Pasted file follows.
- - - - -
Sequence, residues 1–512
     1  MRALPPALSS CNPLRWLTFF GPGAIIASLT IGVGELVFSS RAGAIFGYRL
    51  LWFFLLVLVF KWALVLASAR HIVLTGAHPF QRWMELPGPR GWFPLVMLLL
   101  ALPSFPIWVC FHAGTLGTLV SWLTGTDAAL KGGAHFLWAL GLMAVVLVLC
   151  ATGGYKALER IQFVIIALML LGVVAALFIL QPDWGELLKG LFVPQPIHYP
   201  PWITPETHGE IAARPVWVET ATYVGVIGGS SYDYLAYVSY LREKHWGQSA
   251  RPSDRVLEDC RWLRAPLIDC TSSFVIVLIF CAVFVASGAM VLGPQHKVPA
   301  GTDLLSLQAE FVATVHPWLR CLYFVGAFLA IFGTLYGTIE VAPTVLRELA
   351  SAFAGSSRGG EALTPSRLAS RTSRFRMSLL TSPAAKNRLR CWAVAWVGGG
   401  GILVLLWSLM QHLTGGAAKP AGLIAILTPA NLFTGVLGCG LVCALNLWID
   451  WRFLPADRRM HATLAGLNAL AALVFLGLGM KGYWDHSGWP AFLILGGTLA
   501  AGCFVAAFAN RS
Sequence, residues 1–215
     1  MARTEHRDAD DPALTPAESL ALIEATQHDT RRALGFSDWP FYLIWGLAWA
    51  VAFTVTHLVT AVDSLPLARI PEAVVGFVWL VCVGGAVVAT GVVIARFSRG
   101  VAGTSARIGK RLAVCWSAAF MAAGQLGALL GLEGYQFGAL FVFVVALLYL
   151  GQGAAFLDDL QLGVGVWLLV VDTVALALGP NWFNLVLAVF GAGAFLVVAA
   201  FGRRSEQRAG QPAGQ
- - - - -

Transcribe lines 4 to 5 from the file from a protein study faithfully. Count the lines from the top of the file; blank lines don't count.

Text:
   101  ALPSFPIWVC FHAGTLGTLV SWLTGTDAAL KGGAHFLWAL GLMAVVLVLC
   151  ATGGYKALER IQFVIIALML LGVVAALFIL QPDWGELLKG LFVPQPIHYP